Name: Joe Davis OBE
DOB: April 15th, 1901
Died: July 10th, 1978
Birthplace: Whitwell, England
Professional Career: 1927-1964
Highest Ranking: #N/A
Highest Break: 147
Career Highlights: Fifteen Times World Champion, Three Times News of the World Championship Winner, Four Times World Billiards Champion
With an unblemished run of 15 World Championship titles, as well as 12 new record breaks including the first century in 1930 and the first competitive 147 in 1955, Joe Davis will forever be remembered as one of the sport’s all-time greats. The only man to beat him on level terms was his brother Fred and even this happened on only four occasions.
How would Joe have fared in the modern era? We will never know but from what various snooker experts who saw him play have said, he played an attractive style, like the modern players choosing to break build around the black spot and looking to split the reds. In any case however, Joe’s career was an unqualified success and without his input into the start of the World Championship, who knows where the sport would have been today…
The legendary Joe Davis was to go on to win an unprecedented 15 world snooker titles, but as he first picked up a cue aged 11 it was to be billiards, not snooker which was to see to the best of him as a youngster. Just two years after he started to play the game he had won the local Chesterfield Championship and by the time he was 18 had turned professional.
It took him a while to fully find his feet but in 1926 he reached his first world final, losing out to Tom Newman who himself would go on to win the tournament on six occasions. Having lost out again to Newman the following year, Davis took his revenge in 1928 to capture the title for the first, but not the last time as he was to hold on to it until 1933 when he lost out to Australian Walter Lindrum in the final. Though he lost out again to Lindrum in the 1934 final, by this stage Joe had already seen that it would be snooker and not billiards which would be the most popular cue sport for years to come and duly turned his attention to that instead.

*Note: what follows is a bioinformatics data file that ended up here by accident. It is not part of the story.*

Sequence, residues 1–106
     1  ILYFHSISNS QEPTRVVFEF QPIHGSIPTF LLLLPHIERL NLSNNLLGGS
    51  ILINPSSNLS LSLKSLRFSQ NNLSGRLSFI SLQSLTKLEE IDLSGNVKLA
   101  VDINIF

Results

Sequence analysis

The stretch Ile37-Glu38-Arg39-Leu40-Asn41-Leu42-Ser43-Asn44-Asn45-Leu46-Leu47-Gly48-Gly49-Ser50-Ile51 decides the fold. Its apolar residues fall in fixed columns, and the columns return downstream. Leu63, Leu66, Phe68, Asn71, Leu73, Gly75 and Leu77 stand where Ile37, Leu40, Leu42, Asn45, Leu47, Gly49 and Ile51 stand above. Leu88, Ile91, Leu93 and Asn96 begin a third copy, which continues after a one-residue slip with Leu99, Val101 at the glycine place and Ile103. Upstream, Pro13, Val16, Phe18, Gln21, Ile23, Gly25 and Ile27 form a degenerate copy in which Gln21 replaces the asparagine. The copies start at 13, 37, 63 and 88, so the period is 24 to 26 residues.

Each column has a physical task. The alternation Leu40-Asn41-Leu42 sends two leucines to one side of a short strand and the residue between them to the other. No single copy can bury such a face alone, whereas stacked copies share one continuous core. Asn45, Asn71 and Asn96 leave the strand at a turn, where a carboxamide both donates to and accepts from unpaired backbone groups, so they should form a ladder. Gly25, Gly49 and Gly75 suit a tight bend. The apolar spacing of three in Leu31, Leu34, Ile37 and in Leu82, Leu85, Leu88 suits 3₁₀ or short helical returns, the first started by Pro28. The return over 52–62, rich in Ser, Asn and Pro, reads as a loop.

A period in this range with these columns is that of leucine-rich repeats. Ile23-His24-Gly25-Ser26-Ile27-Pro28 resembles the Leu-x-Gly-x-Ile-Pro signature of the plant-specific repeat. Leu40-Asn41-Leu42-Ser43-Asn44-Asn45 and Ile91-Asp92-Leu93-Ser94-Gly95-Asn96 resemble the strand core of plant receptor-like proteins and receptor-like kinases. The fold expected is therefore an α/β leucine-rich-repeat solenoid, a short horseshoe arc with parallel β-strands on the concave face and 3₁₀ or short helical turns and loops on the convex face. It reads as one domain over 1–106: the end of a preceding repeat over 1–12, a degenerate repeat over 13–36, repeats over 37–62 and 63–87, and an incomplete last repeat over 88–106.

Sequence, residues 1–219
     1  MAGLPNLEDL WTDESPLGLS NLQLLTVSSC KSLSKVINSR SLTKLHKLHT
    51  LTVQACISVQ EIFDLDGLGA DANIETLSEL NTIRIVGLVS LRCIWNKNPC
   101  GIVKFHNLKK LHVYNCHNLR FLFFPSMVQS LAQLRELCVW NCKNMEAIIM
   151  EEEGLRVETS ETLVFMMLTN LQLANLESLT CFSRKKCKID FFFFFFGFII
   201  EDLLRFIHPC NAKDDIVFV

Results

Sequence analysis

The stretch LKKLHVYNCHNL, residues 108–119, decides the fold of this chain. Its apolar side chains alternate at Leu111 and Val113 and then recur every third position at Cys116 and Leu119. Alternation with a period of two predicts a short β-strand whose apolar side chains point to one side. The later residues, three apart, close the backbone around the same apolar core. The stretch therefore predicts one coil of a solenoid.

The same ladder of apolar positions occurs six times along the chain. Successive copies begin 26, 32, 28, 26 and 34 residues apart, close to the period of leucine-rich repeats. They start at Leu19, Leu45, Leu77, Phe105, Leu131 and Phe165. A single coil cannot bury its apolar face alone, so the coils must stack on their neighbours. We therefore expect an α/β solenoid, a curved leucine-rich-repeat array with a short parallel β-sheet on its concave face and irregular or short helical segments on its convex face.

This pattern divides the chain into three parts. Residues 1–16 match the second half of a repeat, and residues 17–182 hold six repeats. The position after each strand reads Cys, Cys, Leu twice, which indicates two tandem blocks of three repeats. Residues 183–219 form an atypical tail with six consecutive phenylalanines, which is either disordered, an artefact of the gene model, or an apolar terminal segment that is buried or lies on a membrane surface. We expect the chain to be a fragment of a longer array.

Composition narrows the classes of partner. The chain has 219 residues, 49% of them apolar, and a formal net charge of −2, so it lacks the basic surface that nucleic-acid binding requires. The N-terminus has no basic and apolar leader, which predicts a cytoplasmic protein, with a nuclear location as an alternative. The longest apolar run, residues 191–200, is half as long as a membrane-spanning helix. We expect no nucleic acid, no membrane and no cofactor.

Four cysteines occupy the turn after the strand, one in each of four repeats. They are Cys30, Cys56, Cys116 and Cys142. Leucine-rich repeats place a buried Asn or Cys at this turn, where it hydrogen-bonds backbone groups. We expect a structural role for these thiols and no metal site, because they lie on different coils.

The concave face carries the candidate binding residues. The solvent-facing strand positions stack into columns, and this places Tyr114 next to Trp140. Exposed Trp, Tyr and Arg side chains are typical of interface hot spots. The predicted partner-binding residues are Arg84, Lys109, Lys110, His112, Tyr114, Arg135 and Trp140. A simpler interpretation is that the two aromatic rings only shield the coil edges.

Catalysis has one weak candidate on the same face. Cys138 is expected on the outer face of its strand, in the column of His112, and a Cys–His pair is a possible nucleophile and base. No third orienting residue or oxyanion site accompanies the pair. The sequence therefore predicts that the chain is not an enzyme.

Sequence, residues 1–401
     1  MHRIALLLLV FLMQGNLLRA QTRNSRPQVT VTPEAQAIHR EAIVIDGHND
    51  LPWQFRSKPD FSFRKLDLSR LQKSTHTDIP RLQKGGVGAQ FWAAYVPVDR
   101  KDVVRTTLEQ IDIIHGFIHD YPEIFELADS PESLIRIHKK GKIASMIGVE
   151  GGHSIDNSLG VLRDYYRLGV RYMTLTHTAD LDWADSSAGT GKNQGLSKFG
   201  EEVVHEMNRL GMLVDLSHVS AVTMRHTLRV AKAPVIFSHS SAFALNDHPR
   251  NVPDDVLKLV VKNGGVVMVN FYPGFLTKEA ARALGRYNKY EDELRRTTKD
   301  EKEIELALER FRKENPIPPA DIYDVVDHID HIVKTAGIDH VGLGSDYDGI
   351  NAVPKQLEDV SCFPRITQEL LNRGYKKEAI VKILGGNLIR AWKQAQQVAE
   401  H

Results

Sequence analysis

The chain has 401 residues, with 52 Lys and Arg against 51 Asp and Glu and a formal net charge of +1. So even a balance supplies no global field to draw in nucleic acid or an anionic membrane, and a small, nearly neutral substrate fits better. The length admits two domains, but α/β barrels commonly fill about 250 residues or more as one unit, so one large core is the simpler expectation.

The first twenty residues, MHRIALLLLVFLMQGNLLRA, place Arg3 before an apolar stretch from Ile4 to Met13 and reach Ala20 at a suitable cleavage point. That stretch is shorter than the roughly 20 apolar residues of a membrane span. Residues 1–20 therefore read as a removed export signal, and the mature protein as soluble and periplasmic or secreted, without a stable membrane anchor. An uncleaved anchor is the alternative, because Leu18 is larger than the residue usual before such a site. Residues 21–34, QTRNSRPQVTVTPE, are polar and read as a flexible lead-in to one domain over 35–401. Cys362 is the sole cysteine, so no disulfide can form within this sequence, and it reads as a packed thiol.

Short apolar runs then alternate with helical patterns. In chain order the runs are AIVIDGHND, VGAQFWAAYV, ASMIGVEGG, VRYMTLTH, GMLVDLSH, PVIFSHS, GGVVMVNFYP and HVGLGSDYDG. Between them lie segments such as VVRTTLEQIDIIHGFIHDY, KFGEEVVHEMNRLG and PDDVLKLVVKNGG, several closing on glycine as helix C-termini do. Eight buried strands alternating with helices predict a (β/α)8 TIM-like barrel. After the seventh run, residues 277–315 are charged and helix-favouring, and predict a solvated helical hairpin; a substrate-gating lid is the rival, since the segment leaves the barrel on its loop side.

While billiards was his favoured sport, Joe recognised that snooker was to be the way forward and played a significant part in organising the first World Snooker Championship in 1927, staged at Camkin’s Hall in Birmingham. As it turned out, Joe was to go on to win the trophy with a 20-11 win over Tom Dennis, a win that would start a 14-year winning streak which was ended only by the Second World War following the 1940 tournament. In 1946 however he was able to win the first tournament back after this enforced break, his 15th in all before he was to announce his sudden retirement from the World Championship competition.
During this amazing run of success, the closest Joe came to defeat was in 1940 when facing his brother Fred in the final, he found himself pushed to a 73rd and deciding frame. He managed to come through to clinch a 37-36 win however and maintain his unbeaten World Championship record. 1936 was also a cracking final as at one point Joe trailed 24-27, only to take the next ten to record the first of three final wins against Australian rival Horace Lindrum.
Post-World Championship Career
Following his retirement from the World Championship following his 1946 triumph, Joe nevertheless continued to play snooker professionally was was able to add a further three News of the World Championships to his CV before his eventual retirement in 1964.
|World Championship||1927-40, 1946|
|News of the World Championship||1950, 1953, 1956|